The Journal of Neuroscience : The Official Journal of the Society for Neuroscience 04/2013; 33(14):6160-9. DOI:10.1523/JNEUROSCI.4777-12.2013 · 6.34 Impact Factor
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ABSTRACT: Much research has been devoted to characterizing brain representations of reward and movement. However, the mechanisms allowing expected rewards to influence motor commands remain poorly understood. Unraveling such mechanisms is crucial to providing explanations of how behavior can be driven by goals, hence accounting for apathy cases in clinics. Here, we propose that the reduction of motor beta synchrony (MBS) before movement onset could participate in this incentive motivation process. To test this hypothesis, we recorded brain activity using magnetoencenphalography (MEG) while human participants were exerting physical effort to win monetary incentives. Knowing that the payoff was proportional to the time spent above a target force, subjects spontaneously took breaks when exhausted and resumed effort production when repleted. Behavioral data indicated that the rest periods were shorter when higher incentives were at stake. MEG data showed that the amplitude of MBS reduction correlated to both incentive level and rest duration. Moreover, the time of effort initiation could be predicted by MBS reduction measured at the beginning of rest periods. Incentive effects on MBS reduction and rest duration were also correlated across subjects. Finally, Bayesian comparison between possible causal models suggested that MBS reduction mediates the impact of incentive level on rest duration. We conclude that MBS reduction could represent a neural mechanism that speeds the initiation of effort production when the effort is more rewarded.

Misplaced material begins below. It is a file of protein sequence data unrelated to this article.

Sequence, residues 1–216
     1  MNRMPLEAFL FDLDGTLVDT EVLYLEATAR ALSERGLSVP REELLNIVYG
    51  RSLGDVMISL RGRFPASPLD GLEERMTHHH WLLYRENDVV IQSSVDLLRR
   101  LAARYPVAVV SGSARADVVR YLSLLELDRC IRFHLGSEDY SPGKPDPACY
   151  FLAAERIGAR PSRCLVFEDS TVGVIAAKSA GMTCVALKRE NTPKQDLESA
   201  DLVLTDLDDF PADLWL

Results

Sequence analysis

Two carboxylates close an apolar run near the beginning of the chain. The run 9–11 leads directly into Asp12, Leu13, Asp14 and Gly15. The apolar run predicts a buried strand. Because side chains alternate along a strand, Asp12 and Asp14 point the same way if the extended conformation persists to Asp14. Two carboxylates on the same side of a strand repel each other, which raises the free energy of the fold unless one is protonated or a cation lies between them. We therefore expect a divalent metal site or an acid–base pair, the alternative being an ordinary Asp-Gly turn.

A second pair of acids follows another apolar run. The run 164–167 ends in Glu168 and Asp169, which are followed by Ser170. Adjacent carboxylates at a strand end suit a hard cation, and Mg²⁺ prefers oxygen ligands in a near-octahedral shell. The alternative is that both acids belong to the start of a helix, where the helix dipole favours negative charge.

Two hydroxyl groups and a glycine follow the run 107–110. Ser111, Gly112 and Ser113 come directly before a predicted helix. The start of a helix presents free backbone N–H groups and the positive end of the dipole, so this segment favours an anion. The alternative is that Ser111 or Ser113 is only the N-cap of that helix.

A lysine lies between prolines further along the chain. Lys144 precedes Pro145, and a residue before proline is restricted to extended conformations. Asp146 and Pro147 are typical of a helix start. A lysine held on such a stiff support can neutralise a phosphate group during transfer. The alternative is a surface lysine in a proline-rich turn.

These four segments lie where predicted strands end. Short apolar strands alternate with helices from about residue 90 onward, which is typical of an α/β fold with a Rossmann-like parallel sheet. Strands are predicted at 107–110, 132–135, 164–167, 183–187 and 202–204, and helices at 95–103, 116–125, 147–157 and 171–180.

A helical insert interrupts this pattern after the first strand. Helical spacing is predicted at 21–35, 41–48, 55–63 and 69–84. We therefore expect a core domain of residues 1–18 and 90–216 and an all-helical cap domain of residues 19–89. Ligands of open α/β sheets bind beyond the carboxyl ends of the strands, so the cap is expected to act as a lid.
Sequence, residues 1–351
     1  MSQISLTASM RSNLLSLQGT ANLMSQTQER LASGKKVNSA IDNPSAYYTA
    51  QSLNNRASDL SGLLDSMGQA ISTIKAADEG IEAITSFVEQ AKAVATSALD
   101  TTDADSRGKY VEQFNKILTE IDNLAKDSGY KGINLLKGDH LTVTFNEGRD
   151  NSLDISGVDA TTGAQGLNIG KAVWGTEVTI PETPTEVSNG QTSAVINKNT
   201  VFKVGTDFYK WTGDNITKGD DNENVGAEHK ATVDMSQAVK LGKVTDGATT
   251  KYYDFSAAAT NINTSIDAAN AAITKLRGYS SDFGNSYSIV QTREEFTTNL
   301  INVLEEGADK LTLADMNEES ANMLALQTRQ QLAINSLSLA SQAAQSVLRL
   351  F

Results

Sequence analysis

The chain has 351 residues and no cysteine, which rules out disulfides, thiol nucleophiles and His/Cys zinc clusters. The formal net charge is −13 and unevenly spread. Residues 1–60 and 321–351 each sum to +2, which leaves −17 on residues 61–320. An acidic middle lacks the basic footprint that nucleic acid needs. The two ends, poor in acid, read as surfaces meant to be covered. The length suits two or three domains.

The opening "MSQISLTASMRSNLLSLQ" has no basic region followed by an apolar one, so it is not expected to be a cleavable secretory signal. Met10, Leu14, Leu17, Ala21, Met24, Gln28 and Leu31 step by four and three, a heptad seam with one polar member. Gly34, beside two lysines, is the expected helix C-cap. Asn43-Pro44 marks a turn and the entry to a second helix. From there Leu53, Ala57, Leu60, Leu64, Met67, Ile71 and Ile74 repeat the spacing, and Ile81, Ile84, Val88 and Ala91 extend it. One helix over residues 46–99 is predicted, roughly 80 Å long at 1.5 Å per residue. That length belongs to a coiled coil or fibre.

The Journal of Neuroscience : The Official Journal of the Society for Neuroscience 01/2014; 34(1):1-9. DOI:10.1523/JNEUROSCI.1711-13.2014 · 6.34 Impact Factor
Available from: Vincent Adam
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ABSTRACT: This work is in line with an on-going effort tending toward a computational (quantitative and refutable) understanding of human neuro-cognitive processes. Many sophisticated models for behavioural and neurobiological data have flourished during the past decade. Most of these models are partly unspecified (i.e. they have unknown parameters) and nonlinear. This makes them difficult to peer with a formal statistical data analysis framework. In turn, this compromises the reproducibility of model-based empirical studies. This work exposes a software toolbox that provides generic, efficient and robust probabilistic solutions to the three problems of model-based analysis of empirical data: (i) data simulation, (ii) parameter estimation/model selection, and (iii) experimental design optimization.
PLoS Computational Biology 01/2014; 10(1):e1003441. DOI:10.1371/journal.pcbi.1003441 · 4.62 Impact Factor